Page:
Muslims sue FBI: kept on no-fly list because they wouldn't turn informant

A suit brought by four Muslim-American men with no criminal records asserts that the FBI put them on the no-fly list in order to pressure them to inform on their communities. Brooklynite Awais Sajjad, one of the plaintiffs, says that he was denied boarding for a flight to visit his sickly grandmother in Pakistan in 2012, and that subsequently, the FBI told him they would remove him from the no-fly list only if he worked as an FBI informant. Sajjad's has tried all the official means of getting himself removed from the no-fly list, without any success. Sajjad's co-plaintiffs tell similar stories.

The case echoes that of Dr Rahinah Ibrahim, the first person to successfully appeal being placed on the US no-fly list. In her case, it emerged that she had been put on the list due to an administrative error (an FBI officer ticked the wrong box on a form) and that subsequently the DHS, Justice Department and FBI conspired to use state secrecy to cover up their error, even though they knew that there was no conceivable reason to keep Ibrahim on the no-fly list.

Sajjad and co will have to overcome the same secrecy privilege and the same culture of ass-covering indifference to innocence from the FBI and its allies in government. I don't like their chances, but I wish them luck.

Sajjad's attorneys, Susan Hu and Diala Shamas, told Ars that, prior to filing this suit, Sajjad had exhausted all other possible administrative procedures. They explained that, upon learning of his no-fly list status, he immediately filed a Department of Homeland Security Traveler Redress Inquiry Program (TRIP) application, as well as an appeal a year later. But never heard back from DHS regarding either this initial application or appeal.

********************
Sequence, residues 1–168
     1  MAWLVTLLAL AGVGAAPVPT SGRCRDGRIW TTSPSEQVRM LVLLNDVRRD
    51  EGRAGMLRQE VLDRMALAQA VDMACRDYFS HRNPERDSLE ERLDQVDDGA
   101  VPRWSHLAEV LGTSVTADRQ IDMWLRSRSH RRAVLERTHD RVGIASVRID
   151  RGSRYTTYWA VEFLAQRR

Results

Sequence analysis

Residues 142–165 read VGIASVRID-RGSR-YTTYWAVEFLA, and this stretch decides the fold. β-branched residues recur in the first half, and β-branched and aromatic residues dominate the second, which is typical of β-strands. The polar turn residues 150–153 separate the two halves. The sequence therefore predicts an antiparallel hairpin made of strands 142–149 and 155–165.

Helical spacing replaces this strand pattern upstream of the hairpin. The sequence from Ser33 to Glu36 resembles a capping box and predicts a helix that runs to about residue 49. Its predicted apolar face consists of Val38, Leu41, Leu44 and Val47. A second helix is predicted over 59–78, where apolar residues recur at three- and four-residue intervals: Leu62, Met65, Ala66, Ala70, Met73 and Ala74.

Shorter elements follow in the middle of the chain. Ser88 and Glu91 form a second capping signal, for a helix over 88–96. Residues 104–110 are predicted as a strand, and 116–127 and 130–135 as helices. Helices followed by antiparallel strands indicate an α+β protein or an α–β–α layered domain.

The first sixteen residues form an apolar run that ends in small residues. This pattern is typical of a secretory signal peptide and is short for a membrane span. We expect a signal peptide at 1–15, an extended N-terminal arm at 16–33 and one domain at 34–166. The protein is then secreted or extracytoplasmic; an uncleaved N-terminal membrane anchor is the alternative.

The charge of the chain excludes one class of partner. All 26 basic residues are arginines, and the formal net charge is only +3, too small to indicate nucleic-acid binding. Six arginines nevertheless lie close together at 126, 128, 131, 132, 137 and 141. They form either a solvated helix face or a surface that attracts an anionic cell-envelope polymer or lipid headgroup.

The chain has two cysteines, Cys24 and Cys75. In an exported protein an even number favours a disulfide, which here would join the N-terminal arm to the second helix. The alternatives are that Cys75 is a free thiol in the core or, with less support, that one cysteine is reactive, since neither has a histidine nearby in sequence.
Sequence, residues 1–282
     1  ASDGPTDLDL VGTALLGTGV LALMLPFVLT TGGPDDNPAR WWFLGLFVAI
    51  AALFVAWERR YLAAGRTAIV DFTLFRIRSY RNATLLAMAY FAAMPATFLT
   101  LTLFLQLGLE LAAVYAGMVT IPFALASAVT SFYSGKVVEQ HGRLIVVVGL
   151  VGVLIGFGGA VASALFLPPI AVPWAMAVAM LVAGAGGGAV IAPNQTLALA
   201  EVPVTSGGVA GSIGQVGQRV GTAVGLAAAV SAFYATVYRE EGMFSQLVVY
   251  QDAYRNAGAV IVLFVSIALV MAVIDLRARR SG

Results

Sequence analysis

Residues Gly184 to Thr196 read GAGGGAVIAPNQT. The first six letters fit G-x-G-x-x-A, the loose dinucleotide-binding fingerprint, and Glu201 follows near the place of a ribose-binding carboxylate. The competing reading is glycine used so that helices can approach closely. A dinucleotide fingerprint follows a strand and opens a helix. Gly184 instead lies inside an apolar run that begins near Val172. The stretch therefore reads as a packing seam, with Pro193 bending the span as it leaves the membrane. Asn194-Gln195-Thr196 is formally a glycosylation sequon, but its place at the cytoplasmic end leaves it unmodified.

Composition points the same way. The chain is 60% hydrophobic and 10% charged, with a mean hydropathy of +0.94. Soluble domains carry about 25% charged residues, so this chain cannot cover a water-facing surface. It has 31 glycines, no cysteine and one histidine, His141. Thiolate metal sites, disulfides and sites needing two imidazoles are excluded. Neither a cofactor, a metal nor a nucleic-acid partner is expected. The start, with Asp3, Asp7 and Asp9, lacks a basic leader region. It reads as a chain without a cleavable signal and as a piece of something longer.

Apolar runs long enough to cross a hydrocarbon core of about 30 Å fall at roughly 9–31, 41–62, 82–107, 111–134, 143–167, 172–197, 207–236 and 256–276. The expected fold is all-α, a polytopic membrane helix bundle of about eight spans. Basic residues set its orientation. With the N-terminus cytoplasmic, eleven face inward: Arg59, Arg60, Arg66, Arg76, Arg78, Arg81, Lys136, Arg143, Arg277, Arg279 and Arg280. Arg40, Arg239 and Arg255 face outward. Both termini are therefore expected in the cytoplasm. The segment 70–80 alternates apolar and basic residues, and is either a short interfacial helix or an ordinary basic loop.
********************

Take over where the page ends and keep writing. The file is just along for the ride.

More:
Hu and Shamas also said that their clients' constitutional due process and free speech rights have been violated. The no-fly redress procedures, they argued, fail to provide any meaningful notice or opportunity to see or challenge the allegations that gets someone placed on the list. Additionally, their clients' placement on the no-fly list, allegedly in retaliation for exercising their rights to not become informants, violates their First Amendment rights, the lawyers said.

"The lack of transparency is the biggest problem here," Hu said. "It's not enough to tell the American people to trust us. Especially when you have clear instances of abuse."

Hu further described what the plaintiffs hope to accomplish in suing the government: "Our clients are not a risk to aviation security. So the government should tell them that they are off the no-fly list. They also need to create adequate safeguards so that our clients have opportunity for notice and a fair hearing. We hope to make the whole process more transparent."

Suit claims Muslims put on no-fly list for refusing to become informants [Joe Silver/Ars Technica]

(Image: J. Edgar Hoover FBI Building, Cliff, CC-BY)